God demanded that Abraham sacrifice his only son Isaac, but he stopped Abraham just before he went through with the sacrifice. One lesson of this story is that God rejects human sacrifice. Like a cheerful fairy tale that comes from a darker original, however, this story may not initially have ended with this message.
A popular theory called the Documentary Hypothesis argues that the first five books of the Bible are a mixture of four sources with differing agendas. The Abraham and Isaac story we read today may hold fragments from a different story. For example, Abraham and Isaac set out together, but the story concludes with, “Then Abraham returned to his servants.” Alone.
There are also two names used for God in this story—Elohim six times and Yahweh five times. This makes it clear that this was originally two separate stories, one of which might have seen the sacrifice through. There’s obviously scant condemnation of human sacrifice in a story that rewards a man for his willingness to perform it.
The Old Testament came from an Iron Age Mesopotamian culture, and it tells us forty times that God is pleased by the aroma of burning flesh. These sacrifices weren’t like incense but were food offerings—offerings of food for God to consume, and burning was the way to convey the food up to heaven. And he had a big appetite: “The first offspring of every womb belongs to me, including all the firstborn males of your livestock.” But God clarifies one verse later: “Redeem all your firstborn sons”—that is, replace your sons with an animal for sacrifice. Notice, however, that the command is to redeem firstborn sons, not daughters.
Nevertheless, God seems unclear on the human sacrifice issue. Earlier in the same book of the Bible, we read, “You must give me the firstborn of your sons,” with no option to redeem with an animal.
The contradiction can be explained if these two Bible passages came from different sources—the verse that demanded firstborn sons came from the E (Elohim) source, and the verse that demanded daughters only from the J (Yahweh) source.
God even used human sacrifice as a humiliating punishment. To teach the obstinate Israelites who’s boss, God said, “So I gave them other statutes that were not good and laws through which they could not live; I defiled them through their gifts—the sacrifice of every firstborn—that I might fill them with horror so they would know that I am Yahweh.”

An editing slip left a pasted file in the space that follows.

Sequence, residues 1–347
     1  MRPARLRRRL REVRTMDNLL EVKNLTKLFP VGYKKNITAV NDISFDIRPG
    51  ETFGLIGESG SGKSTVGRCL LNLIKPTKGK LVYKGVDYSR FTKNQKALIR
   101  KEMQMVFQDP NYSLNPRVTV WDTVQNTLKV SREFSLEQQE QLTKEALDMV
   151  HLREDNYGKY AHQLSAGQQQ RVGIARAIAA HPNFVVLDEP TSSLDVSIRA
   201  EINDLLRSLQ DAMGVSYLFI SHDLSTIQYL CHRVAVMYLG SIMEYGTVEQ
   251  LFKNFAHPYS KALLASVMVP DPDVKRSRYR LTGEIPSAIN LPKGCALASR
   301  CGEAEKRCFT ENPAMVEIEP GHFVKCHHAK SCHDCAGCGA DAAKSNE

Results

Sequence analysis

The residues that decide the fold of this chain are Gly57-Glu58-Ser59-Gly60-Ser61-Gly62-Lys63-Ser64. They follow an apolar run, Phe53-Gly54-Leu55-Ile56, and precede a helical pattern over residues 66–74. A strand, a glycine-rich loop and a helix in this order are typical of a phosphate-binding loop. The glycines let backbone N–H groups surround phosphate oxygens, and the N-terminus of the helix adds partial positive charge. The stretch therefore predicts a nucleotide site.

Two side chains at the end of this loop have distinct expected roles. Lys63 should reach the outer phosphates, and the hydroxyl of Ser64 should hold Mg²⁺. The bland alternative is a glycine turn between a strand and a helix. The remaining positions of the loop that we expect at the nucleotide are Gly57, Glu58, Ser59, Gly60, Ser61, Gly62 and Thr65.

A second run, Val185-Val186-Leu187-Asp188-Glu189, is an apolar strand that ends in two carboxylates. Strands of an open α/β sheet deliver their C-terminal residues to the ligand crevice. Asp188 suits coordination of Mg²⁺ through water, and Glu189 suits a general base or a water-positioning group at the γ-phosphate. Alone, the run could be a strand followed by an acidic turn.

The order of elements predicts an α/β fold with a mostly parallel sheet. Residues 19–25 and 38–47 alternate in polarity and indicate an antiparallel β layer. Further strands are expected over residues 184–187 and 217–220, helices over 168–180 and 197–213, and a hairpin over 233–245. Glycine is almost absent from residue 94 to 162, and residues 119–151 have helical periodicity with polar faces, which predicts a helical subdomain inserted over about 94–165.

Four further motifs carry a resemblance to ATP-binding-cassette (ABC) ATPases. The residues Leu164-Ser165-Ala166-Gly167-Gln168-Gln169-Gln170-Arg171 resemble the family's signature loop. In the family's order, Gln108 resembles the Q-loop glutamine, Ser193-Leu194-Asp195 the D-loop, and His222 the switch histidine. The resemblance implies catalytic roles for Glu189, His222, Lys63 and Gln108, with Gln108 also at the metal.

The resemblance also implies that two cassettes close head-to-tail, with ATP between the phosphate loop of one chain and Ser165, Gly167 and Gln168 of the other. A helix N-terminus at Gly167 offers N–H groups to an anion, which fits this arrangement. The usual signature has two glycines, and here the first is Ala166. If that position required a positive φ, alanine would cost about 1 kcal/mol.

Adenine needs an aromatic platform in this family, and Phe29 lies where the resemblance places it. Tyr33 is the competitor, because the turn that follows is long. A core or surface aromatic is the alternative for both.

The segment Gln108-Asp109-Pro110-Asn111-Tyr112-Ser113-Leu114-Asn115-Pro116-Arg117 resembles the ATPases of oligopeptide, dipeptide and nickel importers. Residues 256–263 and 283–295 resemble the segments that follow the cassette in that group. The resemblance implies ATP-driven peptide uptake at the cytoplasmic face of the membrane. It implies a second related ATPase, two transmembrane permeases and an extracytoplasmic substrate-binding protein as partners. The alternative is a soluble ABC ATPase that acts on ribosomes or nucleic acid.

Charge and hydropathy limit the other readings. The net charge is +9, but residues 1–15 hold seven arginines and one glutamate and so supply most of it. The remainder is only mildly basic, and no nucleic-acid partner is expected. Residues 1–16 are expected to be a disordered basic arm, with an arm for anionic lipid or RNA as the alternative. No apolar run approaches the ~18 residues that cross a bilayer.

In another story, the Bible admits human sacrifice is powerful magic because that’s how the Moabite god Chemosh beat Israel’s God. The combined forces of Israel, Judah, and Edom were about to defeat Moab when the Moabite king sacrificed his son to his god Chemosh. The result: “There was an outburst of divine anger against Israel, so they broke off the attack and returned to their homeland.”
Christians contrast the child-sacrificing Canaanite tribes with God’s chosen people, but according to the Bible, both cultures—and both their gods—were guilty on this point.
Continue to chapter 22.
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Documentary hypothesis: The disjointed material in the Pentateuch, the first five books of the Bible, is best explained by hypothesizing four separate documents that were merged. The four documents are called J (written in 900s BCE in Judah, where God is “Yahweh”), E (written in 700s in Israel; God is “Elohim”), P (written in 500s; the “Priestly” source), and D (600s; “Deuteronomic” source).
God Loves the Smell of Burning Flesh: Search the NIV Bible for “pleasing aroma” and “aroma pleasing.”
“Then Abraham returned to his servants”: The Isaac sacrifice story is told in Genesis 22:1–19.
“The first offspring of every womb belongs to me”: Exodus 34:19.
“Redeem all your firstborn sons”: Exodus 34:20.
“You must give me the firstborn of your sons”: Exodus 22:29.
“So I gave them other statutes that were not good and laws through which they could not live”: Ezekiel 20:25–6.
“There was an outburst of divine anger against Israel”: 2 Kings 3:27 (NET Bible).